ham radio

Skagit Ham Radio club members Jay Ham, Jim Irving and Henry Parsons examine the club’s new repeater last week. The repeater, to be installed on Mount Erie, improves distance and reliability.

Disaster can cripple a world reliant on cell phones, computers and electric power, but local ham radio operators have taken steps to help ensure emergency communication in a crisis.

The Skagit Amateur Radio Emergency Communications Club, or Skagit Ham Radio, recently bought a new repeater for the top of Mount Erie with help of grants from Shell Puget Sound Refinery and Puget Sound Energy.

The new repeater will increase radio signal coverage and provide more reliability, said club member Richard Rodriguez.

“Ham radio is always there,” he said.

The club hopes to install the repeater at the base of Mount Erie at 1,300 feet, and then an antenna another 100 feet atop a tower owned by PSE, by year’s end.

“The radios we use are pretty much line-of-sight, so the higher you get with an antenna, the more range,” he said.

The club’s mission is to assist with backup communications during disasters, when cell phones and landlines are down.

“We can not only send voice messages, we can send text messages and email to other radio stations in the county,” he said.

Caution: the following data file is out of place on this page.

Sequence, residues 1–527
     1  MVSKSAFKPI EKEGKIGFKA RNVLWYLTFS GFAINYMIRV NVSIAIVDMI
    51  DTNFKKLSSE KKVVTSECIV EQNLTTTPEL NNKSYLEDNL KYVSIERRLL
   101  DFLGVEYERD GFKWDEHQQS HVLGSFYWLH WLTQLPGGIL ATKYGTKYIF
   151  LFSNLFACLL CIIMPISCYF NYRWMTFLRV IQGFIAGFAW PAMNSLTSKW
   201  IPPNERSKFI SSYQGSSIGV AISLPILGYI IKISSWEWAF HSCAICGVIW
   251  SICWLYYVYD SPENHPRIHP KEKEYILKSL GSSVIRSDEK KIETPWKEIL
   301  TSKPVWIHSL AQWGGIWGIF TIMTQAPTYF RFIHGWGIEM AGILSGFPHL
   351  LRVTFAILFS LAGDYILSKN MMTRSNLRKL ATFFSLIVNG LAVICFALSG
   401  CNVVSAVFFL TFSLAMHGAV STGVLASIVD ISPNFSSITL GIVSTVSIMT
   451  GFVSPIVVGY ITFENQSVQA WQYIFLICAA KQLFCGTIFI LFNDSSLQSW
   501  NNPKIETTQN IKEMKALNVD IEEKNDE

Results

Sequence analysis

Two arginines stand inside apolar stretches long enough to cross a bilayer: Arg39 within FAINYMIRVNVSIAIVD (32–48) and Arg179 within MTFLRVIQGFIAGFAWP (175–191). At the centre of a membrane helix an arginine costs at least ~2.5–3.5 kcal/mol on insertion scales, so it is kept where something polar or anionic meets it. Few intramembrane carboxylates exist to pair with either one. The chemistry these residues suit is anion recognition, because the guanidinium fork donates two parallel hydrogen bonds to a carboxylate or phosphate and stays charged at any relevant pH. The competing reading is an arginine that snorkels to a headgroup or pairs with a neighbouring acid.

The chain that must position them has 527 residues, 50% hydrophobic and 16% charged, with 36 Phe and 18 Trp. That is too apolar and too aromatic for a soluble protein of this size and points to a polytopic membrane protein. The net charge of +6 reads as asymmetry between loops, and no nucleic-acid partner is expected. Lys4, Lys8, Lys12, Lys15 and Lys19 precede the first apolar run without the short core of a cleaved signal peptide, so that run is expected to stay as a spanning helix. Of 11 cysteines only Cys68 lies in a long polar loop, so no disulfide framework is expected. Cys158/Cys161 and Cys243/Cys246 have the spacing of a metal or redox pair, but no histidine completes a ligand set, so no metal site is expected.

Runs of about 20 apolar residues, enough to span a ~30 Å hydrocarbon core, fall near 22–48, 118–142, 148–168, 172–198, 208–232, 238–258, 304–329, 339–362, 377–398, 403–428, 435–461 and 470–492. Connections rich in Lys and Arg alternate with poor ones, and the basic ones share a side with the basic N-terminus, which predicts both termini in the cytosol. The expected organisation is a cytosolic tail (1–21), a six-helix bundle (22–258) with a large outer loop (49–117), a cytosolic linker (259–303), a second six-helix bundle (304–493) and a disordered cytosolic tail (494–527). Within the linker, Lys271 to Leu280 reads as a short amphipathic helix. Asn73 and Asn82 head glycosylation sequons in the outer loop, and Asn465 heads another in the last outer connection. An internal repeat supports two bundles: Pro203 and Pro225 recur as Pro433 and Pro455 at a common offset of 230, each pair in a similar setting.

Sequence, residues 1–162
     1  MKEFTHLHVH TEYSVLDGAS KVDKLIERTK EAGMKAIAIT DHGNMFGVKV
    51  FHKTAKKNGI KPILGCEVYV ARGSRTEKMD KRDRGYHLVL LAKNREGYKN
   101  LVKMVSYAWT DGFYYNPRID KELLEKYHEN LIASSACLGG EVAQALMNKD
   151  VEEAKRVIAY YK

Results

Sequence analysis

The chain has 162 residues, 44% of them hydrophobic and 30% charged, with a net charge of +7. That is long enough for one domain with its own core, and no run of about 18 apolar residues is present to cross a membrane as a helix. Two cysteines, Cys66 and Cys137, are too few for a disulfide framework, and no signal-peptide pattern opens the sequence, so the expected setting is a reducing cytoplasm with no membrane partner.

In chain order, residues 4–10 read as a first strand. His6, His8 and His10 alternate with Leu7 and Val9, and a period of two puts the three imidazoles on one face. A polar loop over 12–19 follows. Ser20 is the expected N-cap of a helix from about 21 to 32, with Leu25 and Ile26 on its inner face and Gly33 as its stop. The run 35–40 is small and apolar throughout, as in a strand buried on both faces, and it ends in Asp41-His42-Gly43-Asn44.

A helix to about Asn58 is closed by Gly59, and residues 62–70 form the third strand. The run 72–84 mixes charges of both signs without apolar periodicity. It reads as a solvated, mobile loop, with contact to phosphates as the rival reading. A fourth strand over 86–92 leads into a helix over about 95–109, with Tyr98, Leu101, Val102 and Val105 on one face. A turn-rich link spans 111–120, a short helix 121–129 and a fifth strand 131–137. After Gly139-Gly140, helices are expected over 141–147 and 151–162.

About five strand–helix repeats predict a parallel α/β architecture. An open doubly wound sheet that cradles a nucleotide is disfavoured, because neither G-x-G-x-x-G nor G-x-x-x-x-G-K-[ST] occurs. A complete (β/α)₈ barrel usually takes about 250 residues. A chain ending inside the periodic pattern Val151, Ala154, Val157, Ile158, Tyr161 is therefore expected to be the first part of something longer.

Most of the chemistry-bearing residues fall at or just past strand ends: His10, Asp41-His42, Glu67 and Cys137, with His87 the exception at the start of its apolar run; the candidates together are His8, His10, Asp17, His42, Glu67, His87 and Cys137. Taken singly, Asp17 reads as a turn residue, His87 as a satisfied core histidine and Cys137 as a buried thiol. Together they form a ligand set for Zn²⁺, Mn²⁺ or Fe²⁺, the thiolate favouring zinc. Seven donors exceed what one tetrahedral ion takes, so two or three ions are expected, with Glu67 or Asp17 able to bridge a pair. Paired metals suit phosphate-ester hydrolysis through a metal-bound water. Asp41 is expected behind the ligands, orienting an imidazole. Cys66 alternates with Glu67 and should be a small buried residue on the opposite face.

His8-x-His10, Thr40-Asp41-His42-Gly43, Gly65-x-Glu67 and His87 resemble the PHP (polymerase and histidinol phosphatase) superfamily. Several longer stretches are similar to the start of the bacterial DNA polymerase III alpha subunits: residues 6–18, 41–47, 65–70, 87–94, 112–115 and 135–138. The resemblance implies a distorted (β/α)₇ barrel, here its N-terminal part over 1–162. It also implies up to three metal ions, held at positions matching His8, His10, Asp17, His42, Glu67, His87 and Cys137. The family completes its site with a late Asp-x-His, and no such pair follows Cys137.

Members meet with Anacortes Mayor Laurie Gere each month to coordinate response.

“In times of need, these folks are going to be there,” Gere said during a grant presentation to club members from Shell at the Nov. 21 City Council meeting.

The new repeater, which allows operators to receive messages on one channel and rebroadcast on another, is much more powerful than hand-held radios, 100 watts compared to 5 watts, said club member Jay Ham. Messages may be able to reach as far as Seattle now, he said.

Brenna Clairr O’Tierney, external relations manager at Shell, said the repeater will eliminate gaps in radio communication in Skagit County, not just Anacortes.

“This community needs reliable coverage during an earthquake or flood to be able to assist police, fire, hospital personnel and other first responders,” she said.

Each week, about 25 of the club’s 140 members take part in a four-county roll call to test their radios for when a disaster hits.

“We know the earthquake is coming, and the police and fire departments are going to be overloaded,” said club member Henry Parsons.

Both Rodriguez and club member Jim Irving say they remember using ham radio during the 1989 San Francisco earthquake.

Ham radio operators must earn a license before they can get on the air.

The club hosts certification classes periodically for aspiring operators. Contact club president Peter Witheford at 360-391-5750 for information.

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